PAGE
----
In the preferred embodiment, the conversion step of the method comprises performing for each integer value of u from 0 to m, the following steps. A voxel corresponding with the first endpoint of the uth 3D parametric polynomial curve segment, is placed into the discrete 3D voxel space. An initial K^{th} order FFD vector is formed for the uth 3D parametric polynomial curve segment on the basis of the initial biK^{th} order FFD matrix for the 3D parametric polynomial surface patch. Curve integer decision variables are defined for the x, y and z coordinate directions for the uth 3D parametric polynomial curve segment. An initial value is specified for each curve integer decision variable. Thereafter the uth 3D parametric polynomial curve segment is converted into the discrete set of voxels. The FFD matrix is updated. Thereafter, the integer coordinate values in the x, y and z coordinate directions which are closest to the first endpoint of the (u+1)^{st} 3D parametric polynomial curve segment, is determined on the basis of the surface integer decision variables defined above and the first and second decision thresholds. Subsequently, the surface integer decision variables are updated using the integer decision variable increment.
In the preferred embodiment, the curve segment conversion step comprises performing for each integer value of the parameter t from 0 to n, the following operations. The integer coordinate values in the x, y and z coordinate directions which are closest to the corresponding sample points of the uth 3D parametric polynomial curve segment, is determined on the basis of the curve integer decision variables and the first and second decision thresholds. The curve integer decision variables are then updated using the decision variable increment. Also, the FFD vector for the uth 3D parametric polynomial curve segment formed above, is updated. The voxel having the integer x, y and z coordinate values determined in the above step, is placed into the discrete 3D voxel space. Thereafter, for the subsequent voxels of the discrete set of n voxels, the above steps are repeated in a loop fashion until the integer coordinate values of the nth voxel are determined.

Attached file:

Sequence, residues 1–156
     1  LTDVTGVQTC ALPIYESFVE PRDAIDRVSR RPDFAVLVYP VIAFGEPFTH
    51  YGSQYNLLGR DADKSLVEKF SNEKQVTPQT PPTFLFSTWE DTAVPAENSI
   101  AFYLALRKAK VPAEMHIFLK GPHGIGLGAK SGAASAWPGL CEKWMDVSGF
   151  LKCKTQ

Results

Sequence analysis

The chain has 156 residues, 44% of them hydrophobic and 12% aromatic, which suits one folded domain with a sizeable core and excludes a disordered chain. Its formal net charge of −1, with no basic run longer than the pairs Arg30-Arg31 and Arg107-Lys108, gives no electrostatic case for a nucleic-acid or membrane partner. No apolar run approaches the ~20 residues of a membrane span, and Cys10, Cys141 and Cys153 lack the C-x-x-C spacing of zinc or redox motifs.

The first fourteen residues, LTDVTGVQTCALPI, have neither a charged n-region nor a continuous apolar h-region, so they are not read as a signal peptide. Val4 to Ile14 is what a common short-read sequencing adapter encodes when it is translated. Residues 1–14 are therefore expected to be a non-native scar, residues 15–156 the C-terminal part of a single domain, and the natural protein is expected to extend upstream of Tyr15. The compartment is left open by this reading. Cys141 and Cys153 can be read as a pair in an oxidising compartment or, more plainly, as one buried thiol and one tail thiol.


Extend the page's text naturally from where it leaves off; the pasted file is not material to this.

An even further aspect of the present invention concerns a method of converting a continuous 3D parametric polynomial volume element into a discrete set of n×m×1 voxels connected together in discrete 3D voxel space of a voxelbased graphic system. The 3D parametric polynomial volume element is defined by triK^{th} order polynomial vectors T, U and V, a geometric basis M, a geometric control point tensor G and parameters t, u, and v each with an integer step size. The 3D parametric polynomial volume element is formed by a plurality of 3D parametric polynomial surface patches each of which is formed by a plurality of 3D parametric polynomial curve segments each having first and second endpoints. The discrete 3D voxel space is characterized by orthogonal x, y and z coordinate directions, where the addresses of the discrete 3D voxel space are specified by integer x, y and z coordinate values of the voxels.
The method of the present invention comprises computing the values of integers n, m and 1 to determine the number of sample points sampled along the parameters t, u and v, respectively, of the parametric polynomial volume element. Notably, integers n, m and 1 are determined so that a resulting set of n×m×1 voxels lack cavities. The method involves defining first, second and third triK^{th} order integer FFD matrices for the 3D parametric polynomial volume element. The first triK^{th} order FFD matrix corresponds to the parameter t which takes on integer values from 0 to n, the second triK^{th} order FFD matrix corresponds to the parameter u which takes on integer values from 0 to m, and the third triK^{th} order FFD matrix corresponds to the parameter v which takes on integer values from 0 to 1. Next, an initial triK^{th} order FFD tensor is determined for the 3D parametric polynomial volume element, on the basis of the first, second and third triK^{th} order FFD matrices, the geometric basis M and the geometric control point tensor G.